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Jun
02
2017

TEKKEN 7 Review

Review of: TEKKEN 7
Review:
Scott Ellison II

Reviewed by:
Rating:
4
On June 2, 2017
Last modified:June 2, 2017

Summary:

Tekken 7 never ceased to amaze. For a "fighting game", it has a deep list of features and characters that will have you busy for hours. Thankfully, the fight money comes quick and often to have you customizing your characters the way you want. The story mode is engaging and dramatic in ways it hasn't been for years, and is almost sad to see this saga end. Tekken 7 embraces its history with humor, seriousness, and respect for all to enjoy.

At long last, Tekken 7 has made it way to consoles and PC. While the game has existed as arcade machines previously, and has evolved into Tekken 7: Fated Retribution, this is the first home release of the game. And it is simply titled Tekken 7. It includes all of the arcade updates and much more that offers great fan service for long-time followers and a great way to get anyone caught up, if they haven’t stuck with Tekken over the years. Tekken 7 is a fantastic fighting game with not only great visuals, but smartly improved fighting systems that make it feel like an arcade experience at home with some great storytelling on top of it.

Tekken 7 is the conclusion of the warring members of the Mishima family. The game is rather dramatic in its CGI cutscenes, and really goes for it. The story beats are really well done, and explain themselves expertly. You will bounce between past and present, and see the linkage between old Tekken games and Tekken 7. The narrated bits are rather rough, and are the only sore spot in what makes the story work so well. Cutscenes are presented in multiple ways: CGI, still frames, and motion graphics, while not cohesive, feels all part of the delivery.

The fighting within the story does some interesting things, such as fighting random soldiers one after another, each with their own life bar. Then chapters are cap-ended by fighting a specific character in the game before moving on. Also, for fans of the series, and those who don’t do particularly well at fighting games can use the fight assist modifier. By holding the left bumper, you will be given quick access to complicated combos with a simple button press. This allows you to breeze through fights to keep the pacing and flow up.

While the core fighting of Tekken hasn’t changed, there are some additions that make sense and work well for the game. The first is that of the “Rage Art”, this is a super move that you get enraged once your life meter is almost depleted. If timed right, when you press the right bumper, you can activate a near-lethal comeback string of attacks with a single button press. There is a more elaborate combo with the rage art that can be performed for even more damage. Lastly, Tekken 7 revels in the final moments of a fight by going into slow motion on the final hits of a character’s life meter to see the beauty in motion.

The roster that makes up Tekken 7 doesn’t contain too many surprises, but satisfies all the characters you’d expect to see: Heihachi, Jin, Paul, Nina, and many, many more. Perhaps the one surprise and one of crossovers, is to see Street Fighter’s Akuma make his way over. He’s given some special treatment, as when you go up against him or play him yourself, he has an EX meter that no one else has. The lack of surprises in the roster isn’t a detriment to the enjoyment of the game, because it feels like a reunion of characters you’d expect.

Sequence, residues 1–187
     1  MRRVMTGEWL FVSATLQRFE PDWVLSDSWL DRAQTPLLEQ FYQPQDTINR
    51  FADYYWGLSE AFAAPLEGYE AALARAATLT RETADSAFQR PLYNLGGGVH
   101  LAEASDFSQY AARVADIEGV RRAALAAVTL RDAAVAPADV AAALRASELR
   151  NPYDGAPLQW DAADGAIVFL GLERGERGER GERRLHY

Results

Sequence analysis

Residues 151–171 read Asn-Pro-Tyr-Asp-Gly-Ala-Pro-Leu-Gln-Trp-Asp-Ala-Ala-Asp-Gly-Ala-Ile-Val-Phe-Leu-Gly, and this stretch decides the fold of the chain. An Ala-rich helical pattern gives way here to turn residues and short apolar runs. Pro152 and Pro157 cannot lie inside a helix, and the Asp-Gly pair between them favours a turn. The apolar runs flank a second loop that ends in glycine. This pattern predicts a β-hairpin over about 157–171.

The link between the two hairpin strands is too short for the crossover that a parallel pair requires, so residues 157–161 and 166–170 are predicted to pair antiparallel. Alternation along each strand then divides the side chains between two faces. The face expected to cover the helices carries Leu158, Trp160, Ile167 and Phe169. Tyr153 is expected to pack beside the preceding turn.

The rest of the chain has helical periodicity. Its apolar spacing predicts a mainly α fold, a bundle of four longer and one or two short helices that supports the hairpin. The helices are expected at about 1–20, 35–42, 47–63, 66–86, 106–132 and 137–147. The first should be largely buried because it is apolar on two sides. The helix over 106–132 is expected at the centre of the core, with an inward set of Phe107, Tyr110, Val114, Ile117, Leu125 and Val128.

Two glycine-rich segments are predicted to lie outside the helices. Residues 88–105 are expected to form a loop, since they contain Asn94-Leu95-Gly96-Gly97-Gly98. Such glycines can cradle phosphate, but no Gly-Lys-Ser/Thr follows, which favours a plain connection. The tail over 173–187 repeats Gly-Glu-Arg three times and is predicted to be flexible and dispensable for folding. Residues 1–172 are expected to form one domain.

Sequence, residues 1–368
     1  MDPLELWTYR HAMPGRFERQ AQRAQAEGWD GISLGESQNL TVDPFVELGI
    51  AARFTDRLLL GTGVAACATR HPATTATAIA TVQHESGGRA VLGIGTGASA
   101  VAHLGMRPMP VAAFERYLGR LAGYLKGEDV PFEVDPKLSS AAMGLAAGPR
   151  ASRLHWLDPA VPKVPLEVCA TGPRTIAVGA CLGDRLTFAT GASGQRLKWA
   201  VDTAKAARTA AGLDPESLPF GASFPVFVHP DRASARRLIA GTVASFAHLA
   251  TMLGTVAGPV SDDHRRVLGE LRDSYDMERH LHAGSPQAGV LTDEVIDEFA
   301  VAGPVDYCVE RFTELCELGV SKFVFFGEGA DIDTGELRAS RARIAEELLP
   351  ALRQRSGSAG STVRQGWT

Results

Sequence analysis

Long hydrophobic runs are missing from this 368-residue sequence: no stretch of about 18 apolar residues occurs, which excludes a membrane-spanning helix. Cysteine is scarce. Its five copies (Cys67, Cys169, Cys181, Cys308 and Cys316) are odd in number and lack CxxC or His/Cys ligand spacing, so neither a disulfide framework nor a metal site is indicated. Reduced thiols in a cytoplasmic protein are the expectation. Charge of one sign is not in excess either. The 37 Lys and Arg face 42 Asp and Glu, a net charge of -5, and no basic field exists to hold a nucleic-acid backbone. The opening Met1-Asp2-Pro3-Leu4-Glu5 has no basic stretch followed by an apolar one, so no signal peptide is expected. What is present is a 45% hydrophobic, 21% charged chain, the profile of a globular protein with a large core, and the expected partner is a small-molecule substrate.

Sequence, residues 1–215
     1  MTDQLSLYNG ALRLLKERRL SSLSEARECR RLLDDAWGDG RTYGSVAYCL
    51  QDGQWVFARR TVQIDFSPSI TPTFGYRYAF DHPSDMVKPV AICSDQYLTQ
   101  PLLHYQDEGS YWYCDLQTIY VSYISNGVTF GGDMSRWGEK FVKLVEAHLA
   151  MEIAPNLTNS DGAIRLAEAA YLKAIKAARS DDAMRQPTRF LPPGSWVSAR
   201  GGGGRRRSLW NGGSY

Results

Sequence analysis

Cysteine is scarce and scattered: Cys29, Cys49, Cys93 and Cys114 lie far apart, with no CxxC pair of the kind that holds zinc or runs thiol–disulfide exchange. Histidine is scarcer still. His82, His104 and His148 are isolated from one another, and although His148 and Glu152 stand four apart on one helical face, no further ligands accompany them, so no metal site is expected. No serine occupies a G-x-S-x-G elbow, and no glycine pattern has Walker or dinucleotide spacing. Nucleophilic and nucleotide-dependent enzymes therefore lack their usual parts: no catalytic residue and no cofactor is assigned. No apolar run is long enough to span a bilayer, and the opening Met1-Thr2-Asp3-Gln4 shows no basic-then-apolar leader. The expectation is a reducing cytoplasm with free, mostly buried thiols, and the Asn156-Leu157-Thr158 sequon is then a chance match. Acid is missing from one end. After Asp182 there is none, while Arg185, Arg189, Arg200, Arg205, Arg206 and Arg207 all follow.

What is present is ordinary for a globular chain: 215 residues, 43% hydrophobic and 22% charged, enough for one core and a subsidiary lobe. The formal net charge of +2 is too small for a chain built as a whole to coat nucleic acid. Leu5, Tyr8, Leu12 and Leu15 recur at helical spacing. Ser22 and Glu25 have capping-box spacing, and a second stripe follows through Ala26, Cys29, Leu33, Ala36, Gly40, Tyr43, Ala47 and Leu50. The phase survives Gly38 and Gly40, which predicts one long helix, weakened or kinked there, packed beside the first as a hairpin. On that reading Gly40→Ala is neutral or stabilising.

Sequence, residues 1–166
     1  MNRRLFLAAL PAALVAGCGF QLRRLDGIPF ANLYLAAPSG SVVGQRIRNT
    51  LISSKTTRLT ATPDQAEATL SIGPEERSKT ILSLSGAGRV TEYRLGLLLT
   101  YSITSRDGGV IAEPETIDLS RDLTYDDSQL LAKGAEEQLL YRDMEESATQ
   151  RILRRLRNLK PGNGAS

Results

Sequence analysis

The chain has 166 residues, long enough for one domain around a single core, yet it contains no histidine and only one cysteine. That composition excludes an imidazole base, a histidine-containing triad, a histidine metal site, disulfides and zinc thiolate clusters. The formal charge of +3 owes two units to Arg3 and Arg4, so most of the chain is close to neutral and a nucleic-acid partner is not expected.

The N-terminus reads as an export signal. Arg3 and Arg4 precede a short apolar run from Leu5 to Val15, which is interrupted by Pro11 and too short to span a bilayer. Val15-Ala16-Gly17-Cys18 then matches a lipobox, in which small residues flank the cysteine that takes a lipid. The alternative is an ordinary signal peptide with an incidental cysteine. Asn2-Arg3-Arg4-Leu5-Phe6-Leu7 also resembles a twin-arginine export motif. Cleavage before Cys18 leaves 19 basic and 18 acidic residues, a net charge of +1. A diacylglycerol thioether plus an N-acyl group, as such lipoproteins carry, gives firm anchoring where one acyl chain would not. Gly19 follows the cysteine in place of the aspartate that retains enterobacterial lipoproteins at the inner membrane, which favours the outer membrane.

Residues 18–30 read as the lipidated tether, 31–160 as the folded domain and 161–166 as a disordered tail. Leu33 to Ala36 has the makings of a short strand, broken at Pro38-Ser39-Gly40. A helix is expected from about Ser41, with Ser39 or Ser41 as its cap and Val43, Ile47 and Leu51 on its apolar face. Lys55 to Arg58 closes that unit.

Aside from story mode, there’s character fights that serve as character story mode, but 1 tough fight and you get an ending for that character. I’d prefer something more expansive, but it works well enough. The multiplayer modes are what you’d expect a Tekken game to have, feature ranked and unranked fights, complete with a server browser of sorts to find the right fight. I think the standout mode, which has been a staple of the series is Treasure Battle. Here you complete fights to earn fight money. Fight money is the currency in the game, used to purchase customization items as well as other things. Treasure battle pits you not just computer AI, but AI built from real people’s fighting habits, for a natural experience offline.

Customization is huge in Tekken 7. With your fight money, you can buy items for each, individual character, such as New Japan Pro Wrestling’s Bullet Club t-shirt, or ridiculous things like panda hats and ornate dress-wear that would be too big or bulky to fight in. There are multiple slots to store your customizations, so the possibilities are seemingly endless. Funny enough, all of your customization can be taken into ranked matches, something you’d think would be limited. Tekken 7 also spares no expense to show you the lush, complicated history of the Tekken series. You can purchase all prior game cutscenes and see everything that has happened prior to i.

Tekken 7 never ceased to amaze. For a “fighting game”, it has a deep list of features and characters that will have you busy for hours. Thankfully, the fight money comes quick and often to have you customizing your characters the way you want. The story mode is engaging and dramatic in ways it hasn’t been for years, and is almost sad to see this saga end. Tekken 7 embraces its history with humor, seriousness, and respect for all to enjoy.

4

Retails for: $49.99, Recommended Purchase Price: $49.99

A pre-release Steam code was provided by the publisher for review purposes

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